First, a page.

Looking to enhance student learning and maximize existing space, administrators and school board in Brookfield-LaGrange Park School District 95 are seeking ways to modernize the library at S.E. Gross Middle School in Brookfield.

Board members had an open discussion with the superintendent and other district administrators at their district technology meeting on Tuesday, Feb. 25 at a meeting held in the library at S.E. Gross. 

While board members and administrators are not entirely sure on how to best implement upgrades, they all agree the middle school library needs to be fundamentally changed over the next few years.

S.E. Gross Middle School does not have a full-time librarian on staff, but Superintendent Mark Kuzniewski told the board that the library functions similar to the way it did when there was a full-time librarian.

“The only difference between the operations of the library today and when there was a full-time librarian is that it is not open 15 minutes prior to the start of the school day,” Kuzniewski said. “It is still functional and we are still checking out books, but we just have it staffed with a paraprofessional versus a librarian.”

Cathy Cannon, the district’s director of teaching and learning, agreed with Kuzniewski, adding that while not a perfect space, the library is still serving its purpose.

“Currently the way the space is, it’s meeting the needs of small groups and whole groups, and it’s meeting the needs of what the intent was for right now,” Cannon said. “We’re not using the space for individual student needs, because we don’t have the supervision for that. But from what I’ve heard, teachers like having the additional space to take their groups.”

Along with being used for group learning, the library remains an area for students to find research materials and work with school-provided technology. Still, the district is looking to eventually upgrade the space as a whole.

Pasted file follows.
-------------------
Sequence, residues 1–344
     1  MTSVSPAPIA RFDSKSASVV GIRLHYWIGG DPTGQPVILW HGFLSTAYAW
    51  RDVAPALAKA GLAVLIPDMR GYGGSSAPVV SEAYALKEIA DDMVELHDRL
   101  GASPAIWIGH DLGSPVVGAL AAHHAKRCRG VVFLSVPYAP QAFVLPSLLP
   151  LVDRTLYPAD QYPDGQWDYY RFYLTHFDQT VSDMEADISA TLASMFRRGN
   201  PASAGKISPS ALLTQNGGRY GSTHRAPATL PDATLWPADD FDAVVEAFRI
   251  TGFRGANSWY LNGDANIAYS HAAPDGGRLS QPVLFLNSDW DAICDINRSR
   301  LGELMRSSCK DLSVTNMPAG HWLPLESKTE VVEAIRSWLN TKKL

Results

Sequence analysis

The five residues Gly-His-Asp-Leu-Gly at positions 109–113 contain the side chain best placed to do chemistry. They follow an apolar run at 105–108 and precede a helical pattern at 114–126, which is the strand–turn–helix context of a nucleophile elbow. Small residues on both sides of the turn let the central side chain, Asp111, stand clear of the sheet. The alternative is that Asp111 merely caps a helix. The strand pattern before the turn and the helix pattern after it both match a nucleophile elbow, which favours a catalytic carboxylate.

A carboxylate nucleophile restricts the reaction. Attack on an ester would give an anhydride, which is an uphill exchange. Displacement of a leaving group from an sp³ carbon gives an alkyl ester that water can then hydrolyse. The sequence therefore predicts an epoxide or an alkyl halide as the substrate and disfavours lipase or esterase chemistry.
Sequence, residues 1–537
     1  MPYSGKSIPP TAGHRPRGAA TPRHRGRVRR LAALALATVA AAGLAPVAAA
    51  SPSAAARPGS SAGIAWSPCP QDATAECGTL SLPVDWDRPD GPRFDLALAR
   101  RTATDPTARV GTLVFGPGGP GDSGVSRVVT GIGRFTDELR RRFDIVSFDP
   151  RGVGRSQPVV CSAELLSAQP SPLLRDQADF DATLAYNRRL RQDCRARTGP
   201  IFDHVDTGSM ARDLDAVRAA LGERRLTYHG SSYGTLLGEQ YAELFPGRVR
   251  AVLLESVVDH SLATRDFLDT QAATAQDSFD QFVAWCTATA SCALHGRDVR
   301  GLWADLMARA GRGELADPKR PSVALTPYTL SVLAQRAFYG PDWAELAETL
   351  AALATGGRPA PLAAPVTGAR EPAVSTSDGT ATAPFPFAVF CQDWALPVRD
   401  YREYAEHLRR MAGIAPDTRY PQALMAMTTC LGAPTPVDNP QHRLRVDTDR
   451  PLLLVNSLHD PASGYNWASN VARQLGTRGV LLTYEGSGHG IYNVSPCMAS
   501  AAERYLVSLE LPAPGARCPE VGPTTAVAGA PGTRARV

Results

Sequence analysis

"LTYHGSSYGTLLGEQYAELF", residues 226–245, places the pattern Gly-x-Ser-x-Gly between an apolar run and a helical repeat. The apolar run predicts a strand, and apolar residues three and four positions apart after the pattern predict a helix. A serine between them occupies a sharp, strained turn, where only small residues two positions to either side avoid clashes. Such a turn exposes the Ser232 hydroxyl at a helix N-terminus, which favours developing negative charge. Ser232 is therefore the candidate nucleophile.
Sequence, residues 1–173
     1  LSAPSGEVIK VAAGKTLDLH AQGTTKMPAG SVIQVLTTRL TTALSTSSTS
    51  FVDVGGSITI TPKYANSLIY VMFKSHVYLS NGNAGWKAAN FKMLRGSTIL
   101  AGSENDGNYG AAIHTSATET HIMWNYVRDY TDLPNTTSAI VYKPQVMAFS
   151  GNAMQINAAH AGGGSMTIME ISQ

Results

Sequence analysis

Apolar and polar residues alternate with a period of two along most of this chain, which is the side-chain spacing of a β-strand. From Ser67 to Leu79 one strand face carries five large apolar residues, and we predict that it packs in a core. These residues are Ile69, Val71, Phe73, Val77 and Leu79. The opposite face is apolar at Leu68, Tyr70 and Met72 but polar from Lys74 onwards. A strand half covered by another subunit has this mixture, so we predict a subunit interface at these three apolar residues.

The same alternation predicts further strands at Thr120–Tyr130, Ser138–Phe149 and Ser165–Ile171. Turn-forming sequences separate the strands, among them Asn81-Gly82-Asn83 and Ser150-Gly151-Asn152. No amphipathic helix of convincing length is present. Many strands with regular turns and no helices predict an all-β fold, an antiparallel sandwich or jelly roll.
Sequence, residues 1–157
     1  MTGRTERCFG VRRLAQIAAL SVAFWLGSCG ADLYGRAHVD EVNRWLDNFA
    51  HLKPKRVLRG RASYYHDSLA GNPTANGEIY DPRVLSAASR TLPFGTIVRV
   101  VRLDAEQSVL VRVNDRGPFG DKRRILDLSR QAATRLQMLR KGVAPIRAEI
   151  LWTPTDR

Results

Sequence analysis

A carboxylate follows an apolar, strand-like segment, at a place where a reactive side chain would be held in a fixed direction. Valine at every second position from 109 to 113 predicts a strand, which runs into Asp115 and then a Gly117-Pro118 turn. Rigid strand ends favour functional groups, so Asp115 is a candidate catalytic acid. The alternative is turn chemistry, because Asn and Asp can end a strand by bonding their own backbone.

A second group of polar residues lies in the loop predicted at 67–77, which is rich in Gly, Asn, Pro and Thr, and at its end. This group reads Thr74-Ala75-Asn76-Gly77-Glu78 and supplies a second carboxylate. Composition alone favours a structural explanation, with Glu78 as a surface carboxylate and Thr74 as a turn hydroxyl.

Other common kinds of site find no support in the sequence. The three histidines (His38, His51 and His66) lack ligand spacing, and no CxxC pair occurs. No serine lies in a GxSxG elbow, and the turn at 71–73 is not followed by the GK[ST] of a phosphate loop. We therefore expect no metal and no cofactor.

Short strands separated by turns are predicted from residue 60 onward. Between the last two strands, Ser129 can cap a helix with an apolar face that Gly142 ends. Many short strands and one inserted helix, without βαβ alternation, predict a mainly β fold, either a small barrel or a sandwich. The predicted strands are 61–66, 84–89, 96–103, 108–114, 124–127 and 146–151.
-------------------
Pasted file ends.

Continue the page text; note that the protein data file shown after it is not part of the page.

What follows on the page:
Over the last few years, administrators and board members have offered various ideas, from making the library a more technical, production-based space with green screens and cameras, to simply making the library more welcoming for students before and after school, and even as a space that community families could come and use. 

Several administrators and board members have visited libraries in districts across the area in order to gather ideas, but District 95 has yet to define a concrete plan.

Board member Michelle Maggos thinks the best way to implement change is in small, progressive steps and not by an entire overhaul of the space.

“Couldn’t we do it in steps where it’s more useful for our students?” Maggos asked. “It kind of looks like storage right now.”

Board member Brian Conroy agreed with Maggos, adding that the library is not just a poorly defined space, but also one that looks terribly outdated.

“In some of the pictures we saw [of other school libraries], there’s a lot of appealing things that if we wanted, would have to be part of a larger renovation,” he said. “But, I think there are things we can do with this existing space. It could be a more dynamic space. It looks a little 1960s. I don’t know how often those old Encyclopedia Britannica books are used.”

While board member John LaBarbera agreed that the space needed a new look. But, he said he wanted to ensure that the district truly had a distinct vision for what it wants the library to look like.

“Initially, we were all gaga about green screens, and then the most important thing was that,” LaBarbera said. “I don’t know that making rash decisions to throw things in here to make it prettier is in line with the vision that the administrators have for use of the space. What I’d like to hear is a committed vision.”

Kuzniewski said a major change to the way the library serves students would inevitably lead to a complete remodel, not just cosmetic updates. 

“If we’re talking about fundamentally changing the way the library operates, I don’t think we can do that without a renovation if you’re really talking about a significant change,” Kuzniewski said.

School board members and administrators will work closely over the next few months to better draft a vision for library improvement and work on creating a project timeline.